Do so in a way that’s cogent and compelling, that grabs readers with the opening line and doesn’t let them go until the final one. Don’t make it too neat and tidy—that will come off as trivial. But don’t make it too messy and sprawling, either—that won’t feel like much of anything at all…

~ Michael Cunningham on The Pilgrim Hawk by Glenway Wescott, a Recommended Reading from Electric Literature

Still want to write after that?

If your answer is ‘YES!’: you’re crazy, but I understand. You must read-read-read and write-write-write though. So, start now:  subscribe to Electric Literature’s Recommended Readings, read Wescott’s The Pilgrim Hawk, or check out these suggested shorts (bottom of the page). You’ll be glad you did.

Oh, yeah, and then write. You have to because–remember?–you’re crazy. But, people like me understand.

~ N

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When I finally admitted that a paragraph did not belong in my novella, I cut it and sent it to the word cemetery for burial. Writers always kill their darlings though. We are accustomed to letting go and moving on, and our words learn to live with it.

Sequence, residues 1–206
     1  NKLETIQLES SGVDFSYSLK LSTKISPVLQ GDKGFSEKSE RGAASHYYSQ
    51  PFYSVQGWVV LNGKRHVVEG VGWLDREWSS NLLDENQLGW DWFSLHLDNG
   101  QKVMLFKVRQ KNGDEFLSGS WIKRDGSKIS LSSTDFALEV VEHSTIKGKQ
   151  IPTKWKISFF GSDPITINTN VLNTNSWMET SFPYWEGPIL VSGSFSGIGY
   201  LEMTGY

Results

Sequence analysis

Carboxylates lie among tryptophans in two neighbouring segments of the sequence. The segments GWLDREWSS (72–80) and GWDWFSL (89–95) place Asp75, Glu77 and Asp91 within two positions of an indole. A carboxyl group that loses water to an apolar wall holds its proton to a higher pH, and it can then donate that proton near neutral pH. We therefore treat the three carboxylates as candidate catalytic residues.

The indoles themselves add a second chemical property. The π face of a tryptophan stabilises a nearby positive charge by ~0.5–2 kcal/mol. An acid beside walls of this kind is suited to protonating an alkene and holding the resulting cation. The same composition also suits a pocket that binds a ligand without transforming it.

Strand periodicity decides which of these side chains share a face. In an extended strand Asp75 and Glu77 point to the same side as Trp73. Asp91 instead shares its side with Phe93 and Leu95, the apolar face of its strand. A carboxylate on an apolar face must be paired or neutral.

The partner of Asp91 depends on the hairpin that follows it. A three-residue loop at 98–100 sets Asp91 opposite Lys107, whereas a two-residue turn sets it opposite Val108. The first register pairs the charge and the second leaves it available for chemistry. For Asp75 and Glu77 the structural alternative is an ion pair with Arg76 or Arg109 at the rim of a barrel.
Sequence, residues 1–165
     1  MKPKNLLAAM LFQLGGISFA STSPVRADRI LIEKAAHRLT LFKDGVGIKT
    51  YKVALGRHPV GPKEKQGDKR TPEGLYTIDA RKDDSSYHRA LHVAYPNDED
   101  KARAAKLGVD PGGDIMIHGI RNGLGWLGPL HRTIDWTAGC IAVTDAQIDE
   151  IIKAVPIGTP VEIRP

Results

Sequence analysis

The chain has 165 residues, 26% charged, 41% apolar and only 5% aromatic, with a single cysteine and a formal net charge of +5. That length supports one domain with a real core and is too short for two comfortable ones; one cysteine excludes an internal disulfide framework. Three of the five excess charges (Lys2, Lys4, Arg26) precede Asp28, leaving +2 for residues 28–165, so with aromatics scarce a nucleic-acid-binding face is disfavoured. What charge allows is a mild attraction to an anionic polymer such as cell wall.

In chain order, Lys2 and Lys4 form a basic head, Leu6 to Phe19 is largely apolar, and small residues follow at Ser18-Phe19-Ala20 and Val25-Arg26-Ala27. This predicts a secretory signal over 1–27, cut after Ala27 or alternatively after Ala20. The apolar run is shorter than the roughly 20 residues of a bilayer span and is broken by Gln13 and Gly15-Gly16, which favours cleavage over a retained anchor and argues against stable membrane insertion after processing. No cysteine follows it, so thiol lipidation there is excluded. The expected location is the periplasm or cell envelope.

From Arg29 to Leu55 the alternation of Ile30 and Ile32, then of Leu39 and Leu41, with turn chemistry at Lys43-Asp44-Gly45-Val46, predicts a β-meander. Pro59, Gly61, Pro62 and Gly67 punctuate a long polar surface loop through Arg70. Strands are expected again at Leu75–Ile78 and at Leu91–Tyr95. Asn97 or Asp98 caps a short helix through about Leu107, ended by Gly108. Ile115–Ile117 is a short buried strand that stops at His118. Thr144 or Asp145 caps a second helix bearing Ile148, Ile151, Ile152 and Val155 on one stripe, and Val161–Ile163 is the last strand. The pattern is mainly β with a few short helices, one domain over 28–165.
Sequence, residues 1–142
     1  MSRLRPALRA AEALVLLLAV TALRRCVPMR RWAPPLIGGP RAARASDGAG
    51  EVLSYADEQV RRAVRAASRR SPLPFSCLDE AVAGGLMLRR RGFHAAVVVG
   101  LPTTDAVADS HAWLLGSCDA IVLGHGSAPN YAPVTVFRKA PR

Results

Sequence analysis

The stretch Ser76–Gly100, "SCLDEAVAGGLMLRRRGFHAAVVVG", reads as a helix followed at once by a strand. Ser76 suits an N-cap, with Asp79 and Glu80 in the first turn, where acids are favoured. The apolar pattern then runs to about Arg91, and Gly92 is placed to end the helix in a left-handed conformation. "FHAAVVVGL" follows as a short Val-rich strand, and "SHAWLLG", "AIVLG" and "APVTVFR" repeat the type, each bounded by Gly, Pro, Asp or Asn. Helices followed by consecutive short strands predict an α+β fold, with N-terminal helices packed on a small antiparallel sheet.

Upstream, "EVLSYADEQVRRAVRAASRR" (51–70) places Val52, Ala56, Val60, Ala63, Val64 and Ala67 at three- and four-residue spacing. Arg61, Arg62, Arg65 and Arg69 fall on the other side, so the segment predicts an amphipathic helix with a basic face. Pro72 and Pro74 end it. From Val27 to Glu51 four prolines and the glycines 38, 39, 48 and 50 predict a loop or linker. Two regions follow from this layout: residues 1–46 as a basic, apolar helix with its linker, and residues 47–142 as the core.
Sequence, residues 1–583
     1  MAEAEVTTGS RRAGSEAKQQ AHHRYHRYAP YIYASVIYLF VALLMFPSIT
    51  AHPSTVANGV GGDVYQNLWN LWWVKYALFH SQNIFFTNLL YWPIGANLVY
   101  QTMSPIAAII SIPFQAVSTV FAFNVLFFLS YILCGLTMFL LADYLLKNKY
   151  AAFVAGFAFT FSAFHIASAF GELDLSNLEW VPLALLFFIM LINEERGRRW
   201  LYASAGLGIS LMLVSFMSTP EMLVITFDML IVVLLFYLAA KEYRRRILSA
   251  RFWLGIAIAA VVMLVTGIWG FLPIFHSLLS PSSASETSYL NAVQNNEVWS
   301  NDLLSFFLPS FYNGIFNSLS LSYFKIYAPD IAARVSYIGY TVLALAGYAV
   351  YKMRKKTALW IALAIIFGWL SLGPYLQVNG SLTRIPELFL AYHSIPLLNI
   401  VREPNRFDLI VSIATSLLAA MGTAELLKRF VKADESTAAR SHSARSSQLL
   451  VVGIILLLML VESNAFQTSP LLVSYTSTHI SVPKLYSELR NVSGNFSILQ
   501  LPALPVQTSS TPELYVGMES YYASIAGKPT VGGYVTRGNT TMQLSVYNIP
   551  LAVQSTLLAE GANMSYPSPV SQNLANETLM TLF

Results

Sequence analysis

The night of the cutting though, beneath moon-shimmer, my left-for-dead words arose, crept off together into the world and, in their innocence, stepped beyond the pale. But there, in that wilderness, the words gathered experience and cultivated their own ideas about what they should become. In time, they grew into a poem. At last they danced, but with a rhythm and an emotion true to their origin.

“Adventures of an Alaskan Barfly” would not be if I had left those words where they were, because nothing dances where it does not belong. So I continue, in what may be perceived as cruelty, to cut. So sorry, my darlings. You will thank me later.

(“WTF?!” artwork for the cover of Gargoyle #58 is by digital illustrator, Cintia Gonzalvez. If you are wondering, Papa, “WTF?!” means “Why the frown?!”)

Adventures of an Alaskan Barfly

Step out. Light up.

Beyond, the pale

January snow bank and moon-shimmer

melts

this darkness…

<<read more>>

~ Gargoyle #58, Paycock Press – get it at Amazon.com